The idea of internships moved into the commercial sector quite slowly, but has gathered pace over the last few years. In some industries it is rife, and has come in for a lot of criticism for the way it has developed as a working practice.
The reason internships have come in for a lot of criticism, is that increasingly they are seen as being quite exploitative. From a company point of view it means they can use unpaid staff, who have no or very few legal rights or benefits, to do jobs that the company would otherwise have to employ people to do.
From the point of view of someone looking for a job, if there are few job openings, but there are some internships, people may feel pressured or obligated to go down that route, in order to gain experience, and hopefully get a job at the end of it
It is worth making a distinction between internships and placements. Many university and college courses do offer some element of practical experience. This sometimes is done as a placement within an organisation, or in a virtual setting with some type of online laboratory.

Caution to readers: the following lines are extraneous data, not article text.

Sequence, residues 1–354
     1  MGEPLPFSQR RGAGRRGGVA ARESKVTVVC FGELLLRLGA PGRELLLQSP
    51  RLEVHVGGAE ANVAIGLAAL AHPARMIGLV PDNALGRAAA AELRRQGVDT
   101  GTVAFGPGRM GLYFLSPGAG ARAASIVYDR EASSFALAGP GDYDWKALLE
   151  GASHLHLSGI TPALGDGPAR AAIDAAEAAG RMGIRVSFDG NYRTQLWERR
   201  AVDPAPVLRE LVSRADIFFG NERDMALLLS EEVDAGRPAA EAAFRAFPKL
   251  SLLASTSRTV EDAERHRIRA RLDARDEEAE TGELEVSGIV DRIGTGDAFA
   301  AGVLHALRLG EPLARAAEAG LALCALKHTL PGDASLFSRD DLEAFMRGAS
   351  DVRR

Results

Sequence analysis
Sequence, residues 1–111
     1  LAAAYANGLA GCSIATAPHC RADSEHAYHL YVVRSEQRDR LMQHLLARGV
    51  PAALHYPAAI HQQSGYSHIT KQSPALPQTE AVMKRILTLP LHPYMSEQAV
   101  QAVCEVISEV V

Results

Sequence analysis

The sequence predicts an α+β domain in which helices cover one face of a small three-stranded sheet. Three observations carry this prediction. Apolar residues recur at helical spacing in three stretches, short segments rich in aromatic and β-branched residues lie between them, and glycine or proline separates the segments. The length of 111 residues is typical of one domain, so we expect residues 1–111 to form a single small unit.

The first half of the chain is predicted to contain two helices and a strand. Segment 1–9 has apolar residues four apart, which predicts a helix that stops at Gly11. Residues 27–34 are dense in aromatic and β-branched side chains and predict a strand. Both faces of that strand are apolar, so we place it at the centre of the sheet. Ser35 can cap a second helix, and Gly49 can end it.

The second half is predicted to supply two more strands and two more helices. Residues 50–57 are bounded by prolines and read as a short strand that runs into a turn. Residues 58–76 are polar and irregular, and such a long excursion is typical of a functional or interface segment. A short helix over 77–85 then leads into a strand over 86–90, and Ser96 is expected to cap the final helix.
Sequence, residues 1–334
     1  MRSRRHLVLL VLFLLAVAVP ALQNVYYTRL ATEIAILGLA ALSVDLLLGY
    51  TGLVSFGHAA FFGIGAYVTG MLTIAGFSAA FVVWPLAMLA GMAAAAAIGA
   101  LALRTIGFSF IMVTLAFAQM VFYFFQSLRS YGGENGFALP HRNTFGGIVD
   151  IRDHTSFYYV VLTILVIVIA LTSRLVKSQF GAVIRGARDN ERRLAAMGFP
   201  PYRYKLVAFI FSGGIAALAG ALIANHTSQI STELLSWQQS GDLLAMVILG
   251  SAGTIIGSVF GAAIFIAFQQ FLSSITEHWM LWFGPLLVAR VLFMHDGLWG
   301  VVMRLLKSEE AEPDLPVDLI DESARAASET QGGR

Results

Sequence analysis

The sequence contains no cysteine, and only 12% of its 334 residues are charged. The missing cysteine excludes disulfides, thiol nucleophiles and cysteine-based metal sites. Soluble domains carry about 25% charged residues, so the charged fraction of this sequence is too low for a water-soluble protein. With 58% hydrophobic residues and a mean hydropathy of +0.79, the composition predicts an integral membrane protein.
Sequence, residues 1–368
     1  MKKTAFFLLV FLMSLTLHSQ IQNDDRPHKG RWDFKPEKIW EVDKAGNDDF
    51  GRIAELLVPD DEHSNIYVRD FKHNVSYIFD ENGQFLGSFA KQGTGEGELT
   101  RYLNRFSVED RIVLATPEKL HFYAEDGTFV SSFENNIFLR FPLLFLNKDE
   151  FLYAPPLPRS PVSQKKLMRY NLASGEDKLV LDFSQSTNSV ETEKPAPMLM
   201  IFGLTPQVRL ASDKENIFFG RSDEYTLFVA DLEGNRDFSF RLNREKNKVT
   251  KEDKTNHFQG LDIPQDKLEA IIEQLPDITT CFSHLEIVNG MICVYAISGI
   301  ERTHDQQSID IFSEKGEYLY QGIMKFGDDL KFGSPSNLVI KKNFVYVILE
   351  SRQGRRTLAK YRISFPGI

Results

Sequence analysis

When it is done as a placement within an organisation it is a perfectly legitimate use of resources, both for the organisation and the university.
Whether an individual should apply for a cyber security internship is really a question only they can answer. It may well depend to an extent on how desperate they are for a job or work experience.
This desperation, can of course only act to feed the more immoral employers who sees internships as a way of cheap or unpaid labor.
Training for any job is really important, partly to make sure that the person can do the job effectively, but also to give the person the confidence to do it.
Traditionally, formal training has been quite common in public sector jobs, but in private and commercial work, most training tended to be informal or on the job, with the exception of certain professions.
This need for more formal and ongoing training has become more obvious in certain industries, and is a crucial element of most jobs in cyber security.